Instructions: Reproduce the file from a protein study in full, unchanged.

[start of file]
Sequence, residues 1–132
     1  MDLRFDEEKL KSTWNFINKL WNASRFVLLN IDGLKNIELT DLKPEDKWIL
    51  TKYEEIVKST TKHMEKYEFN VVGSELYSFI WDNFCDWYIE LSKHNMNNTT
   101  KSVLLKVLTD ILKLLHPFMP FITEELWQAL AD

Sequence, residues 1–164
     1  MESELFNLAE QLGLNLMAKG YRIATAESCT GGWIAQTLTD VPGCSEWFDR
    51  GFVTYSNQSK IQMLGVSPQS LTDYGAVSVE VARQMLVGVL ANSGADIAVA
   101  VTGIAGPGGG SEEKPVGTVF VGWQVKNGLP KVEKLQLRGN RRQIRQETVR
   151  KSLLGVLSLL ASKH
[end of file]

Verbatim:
Sequence, residues 1–132
     1  MDLRFDEEKL KSTWNFINKL WNASRFVLLN IDGLKNIELT DLKPEDKWIL
    51  TKYEEIVKST TKHMEKYEFN VVGSELYSFI WDNFCDWYIE LSKHNMNNTT
   101  KSVLLKVLTD ILKLLHPFMP FITEELWQAL AD

Sequence, residues 1–164
     1  MESELFNLAE QLGLNLMAKG YRIATAESCT GGWIAQTLTD VPGCSEWFDR
    51  GFVTYSNQSK IQMLGVSPQS LTDYGAVSVE VARQMLVGVL ANSGADIAVA
   101  VTGIAGPGGG SEEKPVGTVF VGWQVKNGLP KVEKLQLRGN RRQIRQETVR
   151  KSLLGVLSLL ASKH